New Year, New Strategy: “Stay Interviews” to Avoid “Exit Interviews”

We all keep hearing about the highly-competitive wars for talent in today’s job market. Quit rates from the Bureau of Labor Statistics provide a visual demonstration of this story (see chart below). Until an employer is directly impacted, though, it always seems to be someone else’s problem. The point quickly sinks in, when an employer unexpectedly loses a top employee.


So how do you keep your best talent from leaving? The answer is simple. Just ask them what makes want to stay and what would make them want to leave during a Stay Interview.

What is a Stay Interview?

Stay Interviews are short, one-on-one discussions between a manager and key employee to find out what the employee likes about his/her job and what he/she may find frustrating. The manager should have a brief set of questions to help learn how to keep the employee engaged as well as any potential changes that should be made to limit unnecessary challenges for the employee to complete his/her tasks or projects.

These interviews are much more valuable than Exit Interviews for several reasons:

  1. In an Exit Interview you have ALREADY LOST the employee.
  2. Most departing employees will not be upfront in Exit Interviews about their real reasons for leaving (i.e. they don’t want to burn bridges).
  3. Any attempts to convince an employee to stay in an exit interview is a snub to the departing employee and those existing employees who have not quit. It should not take someone quitting for a company to recognize their value.
  4. Employees feel more valued when you make a proactive effort to prevent them from leaving in the first place.
  5. Stay Interviews promote open communication with employees and another interface for job performance discussions outside of regular performance reviews.

How do you start?

The first step should be for HR and Management to work together to identify key talent to interview. Interviews with these employees should then be scheduled ideally within a 2-3 week window of each other. This will allow everyone to note possible themes or common issues and address them quickly before they become greater problems. Stay Interviews should be conducted with the same individuals twice per year to encourage ongoing dialogue and follow up on action items from prior meetings. Ensure that the employee knows up front why they are being asked to participate in the meeting.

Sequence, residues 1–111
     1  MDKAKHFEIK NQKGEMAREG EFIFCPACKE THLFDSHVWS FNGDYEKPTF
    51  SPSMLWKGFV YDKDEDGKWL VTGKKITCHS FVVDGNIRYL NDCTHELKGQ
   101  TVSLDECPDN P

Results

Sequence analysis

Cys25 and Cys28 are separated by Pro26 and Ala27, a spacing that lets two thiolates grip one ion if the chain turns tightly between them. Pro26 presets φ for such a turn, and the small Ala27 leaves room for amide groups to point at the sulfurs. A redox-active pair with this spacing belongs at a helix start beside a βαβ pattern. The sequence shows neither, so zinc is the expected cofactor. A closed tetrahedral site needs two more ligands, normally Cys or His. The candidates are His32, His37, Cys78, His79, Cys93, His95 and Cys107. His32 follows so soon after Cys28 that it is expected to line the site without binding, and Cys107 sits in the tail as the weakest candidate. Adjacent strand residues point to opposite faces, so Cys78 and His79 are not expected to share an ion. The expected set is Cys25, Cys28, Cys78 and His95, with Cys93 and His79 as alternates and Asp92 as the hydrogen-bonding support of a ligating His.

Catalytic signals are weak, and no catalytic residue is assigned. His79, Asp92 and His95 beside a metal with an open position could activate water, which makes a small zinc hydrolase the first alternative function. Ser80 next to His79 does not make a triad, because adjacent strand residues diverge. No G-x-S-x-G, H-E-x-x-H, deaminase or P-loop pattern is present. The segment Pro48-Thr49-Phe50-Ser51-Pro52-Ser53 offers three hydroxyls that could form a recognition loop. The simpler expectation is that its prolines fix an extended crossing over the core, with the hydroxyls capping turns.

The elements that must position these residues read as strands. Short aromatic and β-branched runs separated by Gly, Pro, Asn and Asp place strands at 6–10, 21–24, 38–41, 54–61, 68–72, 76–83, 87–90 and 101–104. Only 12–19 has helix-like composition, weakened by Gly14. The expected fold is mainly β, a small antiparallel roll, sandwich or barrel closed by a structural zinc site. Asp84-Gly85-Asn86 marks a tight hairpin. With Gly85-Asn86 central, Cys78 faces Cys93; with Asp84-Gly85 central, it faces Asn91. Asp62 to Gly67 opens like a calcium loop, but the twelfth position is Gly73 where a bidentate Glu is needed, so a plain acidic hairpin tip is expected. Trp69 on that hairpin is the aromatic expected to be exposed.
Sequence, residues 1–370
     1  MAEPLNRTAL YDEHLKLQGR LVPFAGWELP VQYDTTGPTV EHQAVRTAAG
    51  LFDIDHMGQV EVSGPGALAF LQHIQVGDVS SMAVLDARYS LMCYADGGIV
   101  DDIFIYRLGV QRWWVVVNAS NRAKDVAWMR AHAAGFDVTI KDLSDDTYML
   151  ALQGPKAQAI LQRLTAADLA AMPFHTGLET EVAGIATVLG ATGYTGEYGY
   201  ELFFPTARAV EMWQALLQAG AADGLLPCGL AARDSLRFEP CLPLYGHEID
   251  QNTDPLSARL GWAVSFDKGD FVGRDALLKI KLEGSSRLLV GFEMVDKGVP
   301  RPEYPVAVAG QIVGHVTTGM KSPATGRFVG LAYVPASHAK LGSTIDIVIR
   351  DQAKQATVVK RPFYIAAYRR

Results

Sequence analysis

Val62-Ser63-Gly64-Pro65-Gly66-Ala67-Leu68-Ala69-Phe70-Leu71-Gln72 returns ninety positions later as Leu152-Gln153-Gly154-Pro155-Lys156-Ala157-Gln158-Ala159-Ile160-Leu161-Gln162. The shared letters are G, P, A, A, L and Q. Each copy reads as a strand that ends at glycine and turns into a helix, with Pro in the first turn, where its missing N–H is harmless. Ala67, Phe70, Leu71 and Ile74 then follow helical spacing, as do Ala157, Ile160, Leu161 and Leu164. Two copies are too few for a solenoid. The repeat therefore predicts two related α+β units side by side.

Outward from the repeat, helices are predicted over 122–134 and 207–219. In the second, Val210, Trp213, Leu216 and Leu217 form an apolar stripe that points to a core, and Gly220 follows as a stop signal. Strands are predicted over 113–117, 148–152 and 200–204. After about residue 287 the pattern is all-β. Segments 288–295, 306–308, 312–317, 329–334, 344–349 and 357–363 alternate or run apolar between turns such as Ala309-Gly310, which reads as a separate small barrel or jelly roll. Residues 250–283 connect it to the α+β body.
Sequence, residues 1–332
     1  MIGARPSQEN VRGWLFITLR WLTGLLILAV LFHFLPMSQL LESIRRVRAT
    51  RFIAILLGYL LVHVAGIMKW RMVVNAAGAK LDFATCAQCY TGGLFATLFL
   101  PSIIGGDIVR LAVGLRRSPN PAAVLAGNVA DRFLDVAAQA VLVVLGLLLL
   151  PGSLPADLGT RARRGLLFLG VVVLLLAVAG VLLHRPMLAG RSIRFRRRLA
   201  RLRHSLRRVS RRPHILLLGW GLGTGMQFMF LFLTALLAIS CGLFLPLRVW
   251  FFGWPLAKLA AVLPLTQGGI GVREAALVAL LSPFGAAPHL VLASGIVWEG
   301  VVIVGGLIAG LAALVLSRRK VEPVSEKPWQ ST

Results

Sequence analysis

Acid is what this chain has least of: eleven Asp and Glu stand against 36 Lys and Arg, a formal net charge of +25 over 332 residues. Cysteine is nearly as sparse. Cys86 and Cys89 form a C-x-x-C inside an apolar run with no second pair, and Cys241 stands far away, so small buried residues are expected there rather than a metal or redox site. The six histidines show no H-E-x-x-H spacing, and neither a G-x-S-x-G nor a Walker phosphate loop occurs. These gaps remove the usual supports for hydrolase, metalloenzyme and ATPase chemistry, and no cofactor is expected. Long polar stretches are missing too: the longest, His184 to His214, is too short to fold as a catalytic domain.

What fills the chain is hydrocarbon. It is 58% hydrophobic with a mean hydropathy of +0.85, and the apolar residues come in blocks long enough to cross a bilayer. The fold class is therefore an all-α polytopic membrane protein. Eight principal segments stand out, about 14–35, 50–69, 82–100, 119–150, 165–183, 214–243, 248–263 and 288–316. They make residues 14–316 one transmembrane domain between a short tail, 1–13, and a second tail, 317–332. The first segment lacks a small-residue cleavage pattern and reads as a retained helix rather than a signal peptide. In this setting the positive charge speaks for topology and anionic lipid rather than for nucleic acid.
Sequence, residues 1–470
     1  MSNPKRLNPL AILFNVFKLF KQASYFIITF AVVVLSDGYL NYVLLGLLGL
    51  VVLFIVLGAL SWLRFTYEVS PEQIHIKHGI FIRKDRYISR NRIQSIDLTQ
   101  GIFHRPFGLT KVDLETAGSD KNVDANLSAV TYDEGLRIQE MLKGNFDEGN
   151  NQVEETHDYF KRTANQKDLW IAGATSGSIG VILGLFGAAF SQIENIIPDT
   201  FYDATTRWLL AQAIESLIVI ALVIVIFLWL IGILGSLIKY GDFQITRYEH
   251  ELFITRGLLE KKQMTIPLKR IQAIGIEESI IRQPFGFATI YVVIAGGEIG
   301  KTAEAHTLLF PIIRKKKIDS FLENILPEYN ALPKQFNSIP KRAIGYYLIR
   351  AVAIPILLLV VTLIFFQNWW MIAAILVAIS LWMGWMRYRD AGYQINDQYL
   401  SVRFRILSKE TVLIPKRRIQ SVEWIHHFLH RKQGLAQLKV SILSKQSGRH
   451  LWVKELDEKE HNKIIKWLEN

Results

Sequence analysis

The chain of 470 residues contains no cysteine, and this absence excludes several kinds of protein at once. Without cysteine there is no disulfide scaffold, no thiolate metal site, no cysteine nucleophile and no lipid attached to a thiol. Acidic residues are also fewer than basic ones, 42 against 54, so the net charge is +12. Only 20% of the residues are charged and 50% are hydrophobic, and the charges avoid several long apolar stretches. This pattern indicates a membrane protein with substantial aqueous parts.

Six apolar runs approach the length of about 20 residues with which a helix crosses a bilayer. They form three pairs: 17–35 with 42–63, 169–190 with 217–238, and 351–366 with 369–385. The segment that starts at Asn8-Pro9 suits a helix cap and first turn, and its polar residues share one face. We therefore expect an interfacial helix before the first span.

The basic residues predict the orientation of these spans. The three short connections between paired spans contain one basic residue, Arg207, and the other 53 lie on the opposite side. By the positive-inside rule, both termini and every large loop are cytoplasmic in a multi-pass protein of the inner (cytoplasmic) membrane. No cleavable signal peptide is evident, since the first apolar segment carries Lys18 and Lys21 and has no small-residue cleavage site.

What should you tell the selected employees?

Be up front with each employee. First, thank the employee for attending the meeting. Next, explain that the company is very pleased with his/her job performance. The manager should indicated a desire to retain the employee and to use his/her valued feedback in implementing or improving the company’s employee engagement and retention programs.

What questions should be asked?

Open-ended questions are best and should be worded to elicit candid responses. Here are some examples of good questions:

  1. As you head into work each day, what makes you excited to come here?
  2. What are 3 things you think the company does well to make you successful and happy?
  3. What would you like to learn more about to grow or help with your job?
  4. Are there any processes or tasks that you find frustrating that could be improved?
  5. Have you ever reached a point that you have thought about leaving? If so, what caused it?
  6. Are there any ways I can support you better as a manager?

Managers should be prepared to listen and, if needed, ask additional probing questions. At the end of the interview, the discussions should be recapped and an action plan put into place to be discussed at the next Stay Interview with the employee. The employee should be encouraged to discuss any concerns or suggestions prior to the next meeting with the manager at any time. And, of course, close the interview by once again thanking the employee for his/her time and for doing such a great job.

Other critical components

As with any investment of time or money, companies should track metrics to measure the value of their Stay Interviews. Some key metrics are Turnover Rates, Productivity and Employee Satisfaction. Turnover Rate is one that should be paid close attention to both when starting your Stay Interviews and after completing them. If there is a particularly high Turnover Rate in one department, perhaps that is an indication that there is a problem with that manager. In that case, another manager or a member of your HR team might be better suited to conduct the Stay Interviews.

CheckmateHCM Dashboard with Turnover and Other Workforce Demographics

Workforce attrition is a standard part of human capital management. But in today’s market conditions, employers should be keeping a watchful eye on their turnover rates and keep an open line of communication with employees. The challenge of finding and successfully recruiting talent should also make employers see the value in implementing or improving their employee engagement and retention programs. Stay Interviews can help employers discover what motivates employees, keeps them productive and makes them feel satisfied at work.

With the CheckmateHCM Solution, all of your vital workforce data and analytics like Turnover Rates and productivity is at your fingertips letting you drill down by department and manager. Our intuitive interface for employees, managers and HR lets everyone quickly and security access the information they need. Whether it is PTO balances and past pay statements for workers or absences, performance reviews and job costing reports for managers or recruiting and workforce demographics for HR. We provide frustration-free human capital management for everyone, tailored to meet your unique workforce needs.

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